In a unanimous decision handed down February 20, 2008, the U.S. Supreme Court ruled that a participant in a 401(k) or other defined contribution plan may sue a plan fiduciary to recover losses for a breach of fiduciary duty even if he or she was the only participant affected by the alleged breach. LaRue v. DeWolff, Boberg and Associates, Inc. Previously, most courts had permitted recovery for a fiduciary breach only for losses to the plan as a whole, not just for losses to an individual participant or a subset of plan participants. This decision should serve as a wake-up call to plan sponsors and fiduciaries alike of the importance of administering retirement plans consistent with their obligations as a fiduciary, which have been described by many courts as “the highest obligation known under law.”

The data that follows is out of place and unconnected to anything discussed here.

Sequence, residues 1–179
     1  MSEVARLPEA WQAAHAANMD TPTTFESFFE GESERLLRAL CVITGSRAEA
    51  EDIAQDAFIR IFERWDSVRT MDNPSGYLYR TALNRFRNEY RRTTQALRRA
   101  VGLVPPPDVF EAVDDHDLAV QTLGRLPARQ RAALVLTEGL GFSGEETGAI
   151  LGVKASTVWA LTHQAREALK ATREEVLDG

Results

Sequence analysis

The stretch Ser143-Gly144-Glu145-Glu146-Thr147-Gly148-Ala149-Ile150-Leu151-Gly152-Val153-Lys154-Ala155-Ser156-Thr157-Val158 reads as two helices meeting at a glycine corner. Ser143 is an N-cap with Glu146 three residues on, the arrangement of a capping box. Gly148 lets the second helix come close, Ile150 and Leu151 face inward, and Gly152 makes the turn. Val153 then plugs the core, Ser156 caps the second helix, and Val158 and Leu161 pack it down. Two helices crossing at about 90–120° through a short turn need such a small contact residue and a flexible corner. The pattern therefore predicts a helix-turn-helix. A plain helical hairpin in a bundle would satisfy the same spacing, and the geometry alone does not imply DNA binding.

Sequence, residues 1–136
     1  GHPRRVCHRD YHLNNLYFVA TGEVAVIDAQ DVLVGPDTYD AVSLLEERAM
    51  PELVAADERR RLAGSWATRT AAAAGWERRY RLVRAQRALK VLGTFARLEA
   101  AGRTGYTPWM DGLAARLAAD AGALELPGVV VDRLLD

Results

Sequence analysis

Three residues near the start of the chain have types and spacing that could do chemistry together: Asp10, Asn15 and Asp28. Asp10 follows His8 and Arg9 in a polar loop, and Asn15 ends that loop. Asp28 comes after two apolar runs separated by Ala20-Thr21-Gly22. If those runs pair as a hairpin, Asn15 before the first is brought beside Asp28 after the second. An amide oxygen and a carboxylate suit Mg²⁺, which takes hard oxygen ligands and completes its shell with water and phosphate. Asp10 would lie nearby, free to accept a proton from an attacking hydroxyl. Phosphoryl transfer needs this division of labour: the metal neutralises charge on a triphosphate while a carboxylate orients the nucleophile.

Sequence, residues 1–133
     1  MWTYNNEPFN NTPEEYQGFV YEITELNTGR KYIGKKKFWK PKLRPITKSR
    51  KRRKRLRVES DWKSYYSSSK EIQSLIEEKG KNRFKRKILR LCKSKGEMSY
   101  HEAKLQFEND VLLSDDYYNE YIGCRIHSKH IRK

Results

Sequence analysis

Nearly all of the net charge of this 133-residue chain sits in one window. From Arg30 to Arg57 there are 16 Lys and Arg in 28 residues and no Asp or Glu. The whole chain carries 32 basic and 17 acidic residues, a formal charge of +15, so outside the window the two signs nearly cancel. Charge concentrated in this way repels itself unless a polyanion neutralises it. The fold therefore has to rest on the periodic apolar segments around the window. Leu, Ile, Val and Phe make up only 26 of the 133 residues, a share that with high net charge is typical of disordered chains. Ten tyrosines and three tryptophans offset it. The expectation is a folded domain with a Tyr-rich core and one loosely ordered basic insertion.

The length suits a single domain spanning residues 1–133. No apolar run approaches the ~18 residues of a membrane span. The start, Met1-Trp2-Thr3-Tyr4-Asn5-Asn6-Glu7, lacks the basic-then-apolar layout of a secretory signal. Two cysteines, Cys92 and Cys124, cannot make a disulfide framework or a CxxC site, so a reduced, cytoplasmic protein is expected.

The Court’s Holding
The LaRue case involved a participant in a 401(k) plan who contended that the plan fiduciary failed to implement his requested investment election changes and that this failure reduced the value of his interest in the plan by approximately $150,000. The plan fiduciary responded that the participant was essentially making a claim for money damages, which was not a permitted remedy for a fiduciary breach under the Employee Retirement Income Security Act of 1974 (“ERISA”), the federal law governing retirement plans. The participant countered that he was not asking the court to award him money damages but rather he simply wanted his plan account to reflect the balance it would have reflected absent the fiduciary breach. The Supreme Court agreed with the participant, holding that the size of the participant’s account relative to the plan as a whole did not matter. The Court was also not concerned that the participant had received a distribution of his benefits during the pendency of the litigation. To the contrary, the Court noted that one remains a participant with “standing” to bring a claim for breach of fiduciary duty so long as he or she has a colorable claim to benefits.1